Aside from production plants, Cabot has a visitor center connected to the home manufacturing plant in Cabot. There are several annex centers.
In 2007, the cooperative started marketing internationally. Cabot markets their many dairy products – which include cheese, butter, yogurt, sour cream, cottage cheese, cream cheese and dip – to all 50 states and 22 countries.
My employment at Cabot Creamery started in October 2008 at the cut and wrap plant. At that time, 400 of Cabot’s member farms were in Vermont. According to Cabot’s website, there are now 800 member farms. Cabot has been a large economic driver for northern and central Vermont since its inception. In total, the creamery has over 1,000 employees.
Much has happened at Cabot Creamery in the decade I have worked there. In 2008, the magazine Wine Spectator listed Cabot Cloth Bound cheese as one of the “100 great cheeses of the world.” That same year, Cabot Monterey Jack received an award from the American Cheese Society. Cabot cheddar is the most awarded in the country.
The Springfield plant recently expanded by constructing a new dryer for the production of milk powder.
Of the 94 dairy farms that started the cooperative, only one remains – the McDonald Farm in Danville, VT, within 15 miles of the original plant, now operated by James Beattie. The McDonald Farm operates a herd of 110 milking Holsteins and Jerseys on 330 acres. Beattie said Alexander McDonald was his ancestor that “came over on the boat” and his son John established their farm in Danville in 1839. Beattie said his children make the seventh generation on the farm.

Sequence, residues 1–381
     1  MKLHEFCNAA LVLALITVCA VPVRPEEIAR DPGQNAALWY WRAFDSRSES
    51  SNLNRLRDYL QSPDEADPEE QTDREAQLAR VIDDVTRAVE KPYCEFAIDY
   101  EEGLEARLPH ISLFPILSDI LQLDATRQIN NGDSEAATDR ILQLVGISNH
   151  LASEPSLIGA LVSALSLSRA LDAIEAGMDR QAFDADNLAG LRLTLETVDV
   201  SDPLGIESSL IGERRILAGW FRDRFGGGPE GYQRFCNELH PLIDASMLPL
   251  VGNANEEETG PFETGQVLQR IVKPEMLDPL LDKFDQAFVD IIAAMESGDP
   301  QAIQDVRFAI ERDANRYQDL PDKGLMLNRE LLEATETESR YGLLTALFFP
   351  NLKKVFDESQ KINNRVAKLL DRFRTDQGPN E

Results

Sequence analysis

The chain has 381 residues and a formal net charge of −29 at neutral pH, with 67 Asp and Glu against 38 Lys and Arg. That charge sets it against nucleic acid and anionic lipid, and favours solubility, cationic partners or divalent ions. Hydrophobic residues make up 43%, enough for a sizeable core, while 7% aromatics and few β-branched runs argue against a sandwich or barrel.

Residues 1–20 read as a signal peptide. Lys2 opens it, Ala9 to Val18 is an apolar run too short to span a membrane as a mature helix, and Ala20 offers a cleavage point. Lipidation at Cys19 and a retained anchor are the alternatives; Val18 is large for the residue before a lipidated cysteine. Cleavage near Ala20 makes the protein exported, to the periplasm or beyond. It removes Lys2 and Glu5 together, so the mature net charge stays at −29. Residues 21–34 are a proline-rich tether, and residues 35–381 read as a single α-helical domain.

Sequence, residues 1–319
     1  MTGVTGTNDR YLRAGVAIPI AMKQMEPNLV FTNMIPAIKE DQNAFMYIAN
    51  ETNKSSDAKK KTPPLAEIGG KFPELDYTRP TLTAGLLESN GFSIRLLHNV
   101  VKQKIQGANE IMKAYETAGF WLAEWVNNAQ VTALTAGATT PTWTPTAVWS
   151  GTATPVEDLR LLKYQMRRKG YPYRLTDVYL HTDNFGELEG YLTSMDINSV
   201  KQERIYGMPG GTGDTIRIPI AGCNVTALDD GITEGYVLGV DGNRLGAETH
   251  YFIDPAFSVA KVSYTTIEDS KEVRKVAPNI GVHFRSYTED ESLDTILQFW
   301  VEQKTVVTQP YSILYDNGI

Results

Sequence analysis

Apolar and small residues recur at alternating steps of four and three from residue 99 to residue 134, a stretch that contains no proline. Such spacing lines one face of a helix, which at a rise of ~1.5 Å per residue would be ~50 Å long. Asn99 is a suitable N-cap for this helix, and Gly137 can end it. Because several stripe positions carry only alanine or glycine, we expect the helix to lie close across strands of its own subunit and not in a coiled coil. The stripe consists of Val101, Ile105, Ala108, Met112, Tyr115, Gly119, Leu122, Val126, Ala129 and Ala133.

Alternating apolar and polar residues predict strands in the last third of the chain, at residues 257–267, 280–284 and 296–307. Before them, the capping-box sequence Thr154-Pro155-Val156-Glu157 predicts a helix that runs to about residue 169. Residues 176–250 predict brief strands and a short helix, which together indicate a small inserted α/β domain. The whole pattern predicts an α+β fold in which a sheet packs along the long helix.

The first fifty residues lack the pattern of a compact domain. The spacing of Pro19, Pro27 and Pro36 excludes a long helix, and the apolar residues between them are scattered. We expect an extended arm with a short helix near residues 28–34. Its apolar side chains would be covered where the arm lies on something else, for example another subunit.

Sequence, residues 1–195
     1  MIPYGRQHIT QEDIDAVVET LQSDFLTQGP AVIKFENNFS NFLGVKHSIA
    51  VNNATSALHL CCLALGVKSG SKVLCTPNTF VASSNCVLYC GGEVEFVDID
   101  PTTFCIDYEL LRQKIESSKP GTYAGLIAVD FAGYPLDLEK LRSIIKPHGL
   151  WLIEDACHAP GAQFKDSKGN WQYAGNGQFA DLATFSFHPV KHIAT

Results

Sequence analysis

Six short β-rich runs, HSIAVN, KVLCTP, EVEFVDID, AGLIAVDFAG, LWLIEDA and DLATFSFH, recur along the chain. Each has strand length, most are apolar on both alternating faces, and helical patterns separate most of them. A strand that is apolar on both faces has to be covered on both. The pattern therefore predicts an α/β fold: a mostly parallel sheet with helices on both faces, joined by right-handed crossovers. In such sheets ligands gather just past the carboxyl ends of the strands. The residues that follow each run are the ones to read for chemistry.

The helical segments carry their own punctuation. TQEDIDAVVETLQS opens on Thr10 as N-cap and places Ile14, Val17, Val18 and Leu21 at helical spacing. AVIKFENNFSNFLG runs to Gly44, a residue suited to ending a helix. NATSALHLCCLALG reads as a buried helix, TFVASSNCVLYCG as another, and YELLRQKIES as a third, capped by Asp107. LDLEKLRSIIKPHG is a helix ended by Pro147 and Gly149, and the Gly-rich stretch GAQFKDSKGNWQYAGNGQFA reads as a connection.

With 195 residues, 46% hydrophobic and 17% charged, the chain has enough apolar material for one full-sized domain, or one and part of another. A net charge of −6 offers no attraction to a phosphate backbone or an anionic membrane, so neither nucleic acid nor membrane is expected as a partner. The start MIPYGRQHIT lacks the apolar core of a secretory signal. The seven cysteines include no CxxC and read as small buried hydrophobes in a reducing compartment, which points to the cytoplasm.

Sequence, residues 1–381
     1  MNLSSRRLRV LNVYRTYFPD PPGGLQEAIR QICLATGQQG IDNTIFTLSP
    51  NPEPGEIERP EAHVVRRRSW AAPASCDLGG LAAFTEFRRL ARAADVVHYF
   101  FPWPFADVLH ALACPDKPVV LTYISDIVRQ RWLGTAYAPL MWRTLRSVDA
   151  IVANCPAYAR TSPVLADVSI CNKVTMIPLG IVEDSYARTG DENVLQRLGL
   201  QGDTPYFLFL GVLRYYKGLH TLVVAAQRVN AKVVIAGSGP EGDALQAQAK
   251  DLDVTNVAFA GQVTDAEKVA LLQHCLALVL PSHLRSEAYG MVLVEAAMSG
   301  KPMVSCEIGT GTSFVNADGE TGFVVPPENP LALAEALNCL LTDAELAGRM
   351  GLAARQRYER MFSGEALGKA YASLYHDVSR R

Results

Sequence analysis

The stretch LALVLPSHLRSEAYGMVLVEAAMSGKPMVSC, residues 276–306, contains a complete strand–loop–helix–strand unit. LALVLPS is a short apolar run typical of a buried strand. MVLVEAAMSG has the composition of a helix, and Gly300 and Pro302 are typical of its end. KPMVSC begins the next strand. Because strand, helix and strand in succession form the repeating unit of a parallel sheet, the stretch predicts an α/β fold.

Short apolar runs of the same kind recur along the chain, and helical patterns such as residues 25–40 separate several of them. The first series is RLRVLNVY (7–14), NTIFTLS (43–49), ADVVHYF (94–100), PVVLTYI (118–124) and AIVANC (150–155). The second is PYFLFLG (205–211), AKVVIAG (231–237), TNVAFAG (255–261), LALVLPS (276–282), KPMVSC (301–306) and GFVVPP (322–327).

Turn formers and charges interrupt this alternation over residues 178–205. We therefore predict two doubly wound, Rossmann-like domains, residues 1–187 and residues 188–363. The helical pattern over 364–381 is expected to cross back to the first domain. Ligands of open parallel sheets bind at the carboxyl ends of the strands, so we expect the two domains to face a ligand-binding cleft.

“Coming from a small area, yet having an award-winning cheese is neat,” Beattie said. “Working with the animals and making your own schedule and to be a steward of the land makes for a whole different lifestyle.”
The home plant in Cabot came under new management in 2018. Jeannette Cole is the vice president of operations, coming from Green Mountain Coffee Roasters in Waterbury, VT. Cole said she is excited about all the growth opportunities within the industry. She is also looking forward to helping improve processes that come together to keep the workplace safe, sustainable and efficient. Cole said she appreciates employee input about ideas to help improve the plants’ functions.
Recently, Neal Rea, chairman of the Cabot Board of Directors and a New York dairy farmer, was quoted saying, “As a group of farmers, we are much stronger together than we ever could be apart.”
Cabot Creamery started as a co-op that paid all profits to the farm families who owned it and that is the way it has continued to this day. There has always been a belief here that a team is like a chain. Tied together it is strong, but even one broken link affects the whole chain. To put the efforts through the last century by the many farmers, creamery workers, truck drivers and the countless Holstein and Jersey cows involved in the Cabot products into one word, that word would be “committed.”
Every single day for the last 100 years thousands have done their part in bringing from dairy parlor to store shelf a quality product. From feeding the calf to milking her when she grows and from transferring milk to the vat to wrapping the pallet for shipping, that this has taken endurance, patience, resilience, dedication, strength and durability on the part of all who were ever involved.